Downing Street has long factored in ministerial resignations as part of the process of bringing home a deal. No more ministers may resign, deciding the risks of collapsing the government or no Brexit at all are too great. But all eyes will be on a quartet to see if they walk tomorrow.

Penny Mordaunt, the international development secretary and a key voice in the Vote Leave campaign, has made it known that the cabinet and parliament will act as a check on any Brexit deal. She may decide that the trade-offs in the draft text are too much to stomach. The same goes for Esther McVey, the work and pensions secretary, and Andrea Leadsom, leader of the House of Commons. Both have been increasingly uneasy at the direction of the talks.

All three could resign, yet the government would most likely stumble on. There are plenty of junior ministers vying for promotion who would happily put aside any qualms about a deal to take ministerial office. The only figure who really matters is Dominic Raab, the Brexit secretary. He has been one of the loudest voices against an indefinite backstop— the insurance policy for maintaining a soft Irish border — without a clear exit clause. Now he will have to explain how the emerging deal is consistent with his past commitments. If Mr Raab were to resign, it would likely spell the end for both the deal and Mrs May. But if Mr Raab stays, Brexit-supporting MPs could be more likely to back the prime minister.

For Mrs May the next 48 hours will be some of the most important of her career. If she can get this prospective agreement through the cabinet without major problems, she will then face the fearsome task of passing it through the House of Commons. The resignation of minister Jo Johnson last Friday undoubtedly makes that task much trickier.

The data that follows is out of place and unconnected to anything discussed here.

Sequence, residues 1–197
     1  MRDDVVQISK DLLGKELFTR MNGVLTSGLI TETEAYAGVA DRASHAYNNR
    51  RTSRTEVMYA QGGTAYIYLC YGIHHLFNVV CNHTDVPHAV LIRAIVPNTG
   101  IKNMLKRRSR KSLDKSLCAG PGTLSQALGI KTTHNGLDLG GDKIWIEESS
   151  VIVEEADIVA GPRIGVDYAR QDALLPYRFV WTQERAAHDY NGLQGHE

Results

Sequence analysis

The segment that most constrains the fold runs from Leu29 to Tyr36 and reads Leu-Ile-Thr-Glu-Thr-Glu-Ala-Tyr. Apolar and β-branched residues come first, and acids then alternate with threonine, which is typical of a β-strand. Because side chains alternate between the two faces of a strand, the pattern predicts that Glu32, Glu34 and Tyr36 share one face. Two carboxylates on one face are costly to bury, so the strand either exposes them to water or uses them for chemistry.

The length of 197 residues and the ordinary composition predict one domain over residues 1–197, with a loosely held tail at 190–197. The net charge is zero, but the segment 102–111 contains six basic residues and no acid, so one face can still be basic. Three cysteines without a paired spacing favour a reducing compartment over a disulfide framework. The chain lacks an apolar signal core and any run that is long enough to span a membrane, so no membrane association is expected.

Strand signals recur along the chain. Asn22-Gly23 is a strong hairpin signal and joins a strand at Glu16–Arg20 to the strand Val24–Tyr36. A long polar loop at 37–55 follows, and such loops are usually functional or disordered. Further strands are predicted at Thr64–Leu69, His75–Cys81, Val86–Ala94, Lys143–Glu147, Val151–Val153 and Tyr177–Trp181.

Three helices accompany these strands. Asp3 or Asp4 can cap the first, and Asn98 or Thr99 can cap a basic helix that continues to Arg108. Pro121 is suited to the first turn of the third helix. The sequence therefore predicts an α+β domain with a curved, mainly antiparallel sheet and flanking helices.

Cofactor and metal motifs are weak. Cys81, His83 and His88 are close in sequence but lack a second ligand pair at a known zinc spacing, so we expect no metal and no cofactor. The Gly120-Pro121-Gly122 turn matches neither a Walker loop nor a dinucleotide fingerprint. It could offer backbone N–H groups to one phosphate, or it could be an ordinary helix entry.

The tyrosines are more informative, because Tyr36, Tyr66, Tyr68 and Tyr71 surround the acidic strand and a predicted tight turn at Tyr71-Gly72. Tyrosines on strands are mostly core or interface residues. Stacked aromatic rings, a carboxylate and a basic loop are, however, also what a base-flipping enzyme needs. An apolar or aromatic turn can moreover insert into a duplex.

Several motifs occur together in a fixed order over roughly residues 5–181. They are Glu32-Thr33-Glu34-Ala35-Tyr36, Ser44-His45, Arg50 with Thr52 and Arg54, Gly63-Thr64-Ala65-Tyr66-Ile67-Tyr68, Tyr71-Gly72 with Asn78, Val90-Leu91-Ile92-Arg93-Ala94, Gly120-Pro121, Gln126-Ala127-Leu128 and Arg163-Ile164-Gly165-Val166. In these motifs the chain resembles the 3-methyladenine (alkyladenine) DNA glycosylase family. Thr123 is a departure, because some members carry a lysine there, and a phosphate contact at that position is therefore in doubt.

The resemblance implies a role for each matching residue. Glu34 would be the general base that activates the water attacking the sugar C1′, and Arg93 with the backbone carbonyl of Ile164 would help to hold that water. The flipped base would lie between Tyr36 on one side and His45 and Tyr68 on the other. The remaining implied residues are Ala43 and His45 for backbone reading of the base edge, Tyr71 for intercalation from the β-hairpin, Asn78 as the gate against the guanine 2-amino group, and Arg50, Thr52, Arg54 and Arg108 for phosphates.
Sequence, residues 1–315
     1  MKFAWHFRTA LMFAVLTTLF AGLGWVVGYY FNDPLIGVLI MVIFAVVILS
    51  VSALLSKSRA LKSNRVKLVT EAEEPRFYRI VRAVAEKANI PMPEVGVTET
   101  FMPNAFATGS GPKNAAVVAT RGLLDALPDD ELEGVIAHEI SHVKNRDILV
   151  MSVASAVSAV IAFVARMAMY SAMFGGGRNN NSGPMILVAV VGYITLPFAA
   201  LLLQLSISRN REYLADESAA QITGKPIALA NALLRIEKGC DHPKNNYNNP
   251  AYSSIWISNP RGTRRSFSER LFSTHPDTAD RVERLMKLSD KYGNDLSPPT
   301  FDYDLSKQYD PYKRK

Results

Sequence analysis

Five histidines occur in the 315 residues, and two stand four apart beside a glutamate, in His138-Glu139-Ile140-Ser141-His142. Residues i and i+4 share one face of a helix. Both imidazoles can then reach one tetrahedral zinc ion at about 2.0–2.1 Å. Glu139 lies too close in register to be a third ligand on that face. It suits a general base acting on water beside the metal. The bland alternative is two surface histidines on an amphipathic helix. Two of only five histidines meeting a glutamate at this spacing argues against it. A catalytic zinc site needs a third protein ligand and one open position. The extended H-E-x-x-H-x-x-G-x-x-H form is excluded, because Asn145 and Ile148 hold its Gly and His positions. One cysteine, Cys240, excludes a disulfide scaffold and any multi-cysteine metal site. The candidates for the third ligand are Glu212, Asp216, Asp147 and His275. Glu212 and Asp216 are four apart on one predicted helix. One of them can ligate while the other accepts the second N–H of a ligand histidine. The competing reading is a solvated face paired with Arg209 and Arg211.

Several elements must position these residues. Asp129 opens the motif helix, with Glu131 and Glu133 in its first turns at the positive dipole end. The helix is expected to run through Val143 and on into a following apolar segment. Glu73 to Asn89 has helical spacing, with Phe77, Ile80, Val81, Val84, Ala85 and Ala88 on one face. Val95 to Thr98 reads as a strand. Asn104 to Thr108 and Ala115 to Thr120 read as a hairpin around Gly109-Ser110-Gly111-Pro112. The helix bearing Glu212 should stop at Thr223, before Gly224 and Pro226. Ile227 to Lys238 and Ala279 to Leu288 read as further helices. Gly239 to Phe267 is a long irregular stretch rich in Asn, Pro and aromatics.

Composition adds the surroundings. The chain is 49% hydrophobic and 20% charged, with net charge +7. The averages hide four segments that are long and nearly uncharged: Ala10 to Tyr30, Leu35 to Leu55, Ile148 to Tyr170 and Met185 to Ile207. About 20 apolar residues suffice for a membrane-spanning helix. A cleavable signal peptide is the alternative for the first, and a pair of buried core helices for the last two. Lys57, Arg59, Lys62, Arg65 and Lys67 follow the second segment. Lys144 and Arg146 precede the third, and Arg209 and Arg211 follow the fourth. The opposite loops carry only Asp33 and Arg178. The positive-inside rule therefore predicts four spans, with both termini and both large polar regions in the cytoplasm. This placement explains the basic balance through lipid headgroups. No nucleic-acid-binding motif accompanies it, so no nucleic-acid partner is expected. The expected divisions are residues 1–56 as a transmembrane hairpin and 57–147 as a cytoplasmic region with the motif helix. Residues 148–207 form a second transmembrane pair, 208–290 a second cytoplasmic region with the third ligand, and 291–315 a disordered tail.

A significant proportion of Tory MPs seem to think it is dead on arrival. But MPs of all stripes — especially Conservatives — are about to be hit with a ferocious PR and whipping operation. There are widespread doubts in Westminster about the prospects of any deal succeeding. But the politics of Brexit have been highly volatile ever since the referendum. That volatility is about to intensify.

https://www.ft.com/content/40380478-e766-11e8-8a85-04b8afea6ea3

Misology -- It's a bitch
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The Countdown begins. on 21:04 - Nov 13 with 567 viewsCatullus

The Countdown begins. on 20:54 - Nov 13 by exiledclaseboy

Currently parliament has complete autonomy over the laws of the U.K. nothing can become law without the U.K. parliament allowing it to. If the deal May has apparently negotiated survives we’ll still have to obey most of those rules but we won’t have any say in how they’re made or any choice.

Taking back control. Suck it up, leaver losers.


The European Communities Act, passed by Parliament in 1972, accepted the supremacy of EU law. That principle has also been endorsed by the UK courts.

You could check that with fullfact.org

Parliament refusing any EU law would be incompatible with continued EU membership......

https://fullfact.org/europe/eu-law-and-uk/

Just my opinion, but WTF do I know anyway?
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The Countdown begins. on 21:10 - Nov 13 with 560 viewsexiledclaseboy

The Countdown begins. on 21:04 - Nov 13 by Catullus

The European Communities Act, passed by Parliament in 1972, accepted the supremacy of EU law. That principle has also been endorsed by the UK courts.

You could check that with fullfact.org

Parliament refusing any EU law would be incompatible with continued EU membership......

https://fullfact.org/europe/eu-law-and-uk/


Yes. Keep your whistling smilies mush. I know all that. You even said it yourself. ECA72 is an Act of the U.K. parliament which allows EU law primacy. And Parliament has always had the power to amend or repeal ECA72, ending the primacy of EU law in the U.K. That power has always lain in the hands of the U.K. parliament. In fact, repealing ECA72 is exactly what’s happening at 11pm on 29 March 2019. Could have happened any time had the sovereign U.K. parliament desired it.

Parliament is sovereign. Always has been.
[Post edited 13 Nov 21:12]

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The Countdown begins. on 21:13 - Nov 13 with 551 viewssherpajacob

The Countdown begins. on 20:59 - Nov 13 by LeonWasGod